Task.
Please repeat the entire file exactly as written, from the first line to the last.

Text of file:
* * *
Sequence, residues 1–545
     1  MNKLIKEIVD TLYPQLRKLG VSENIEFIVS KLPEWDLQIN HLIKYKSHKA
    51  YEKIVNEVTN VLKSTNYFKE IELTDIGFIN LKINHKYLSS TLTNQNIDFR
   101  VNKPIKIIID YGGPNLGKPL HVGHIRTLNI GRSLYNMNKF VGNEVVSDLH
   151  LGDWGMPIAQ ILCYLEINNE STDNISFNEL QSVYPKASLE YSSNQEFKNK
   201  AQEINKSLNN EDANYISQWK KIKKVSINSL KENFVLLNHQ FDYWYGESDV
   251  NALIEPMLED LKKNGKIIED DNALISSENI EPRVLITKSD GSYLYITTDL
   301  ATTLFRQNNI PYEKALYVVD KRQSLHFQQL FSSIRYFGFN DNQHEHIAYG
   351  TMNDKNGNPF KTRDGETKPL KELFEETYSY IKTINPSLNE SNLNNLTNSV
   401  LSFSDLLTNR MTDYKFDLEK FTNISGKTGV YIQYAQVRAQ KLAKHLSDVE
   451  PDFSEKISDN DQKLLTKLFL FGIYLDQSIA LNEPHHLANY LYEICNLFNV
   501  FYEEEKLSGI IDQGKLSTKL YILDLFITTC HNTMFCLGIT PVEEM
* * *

Sequence, residues 1–545
     1  MNKLIKEIVD TLYPQLRKLG VSENIEFIVS KLPEWDLQIN HLIKYKSHKA
    51  YEKIVNEVTN VLKSTNYFKE IELTDIGFIN LKINHKYLSS TLTNQNIDFR
   101  VNKPIKIIID YGGPNLGKPL HVGHIRTLNI GRSLYNMNKF VGNEVVSDLH
   151  LGDWGMPIAQ ILCYLEINNE STDNISFNEL QSVYPKASLE YSSNQEFKNK
   201  AQEINKSLNN EDANYISQWK KIKKVSINSL KENFVLLNHQ FDYWYGESDV
   251  NALIEPMLED LKKNGKIIED DNALISSENI EPRVLITKSD GSYLYITTDL
   301  ATTLFRQNNI PYEKALYVVD KRQSLHFQQL FSSIRYFGFN DNQHEHIAYG
   351  TMNDKNGNPF KTRDGETKPL KELFEETYSY IKTINPSLNE SNLNNLTNSV
   401  LSFSDLLTNR MTDYKFDLEK FTNISGKTGV YIQYAQVRAQ KLAKHLSDVE
   451  PDFSEKISDN DQKLLTKLFL FGIYLDQSIA LNEPHHLANY LYEICNLFNV
   501  FYEEEKLSGI IDQGKLSTKL YILDLFITTC HNTMFCLGIT PVEEM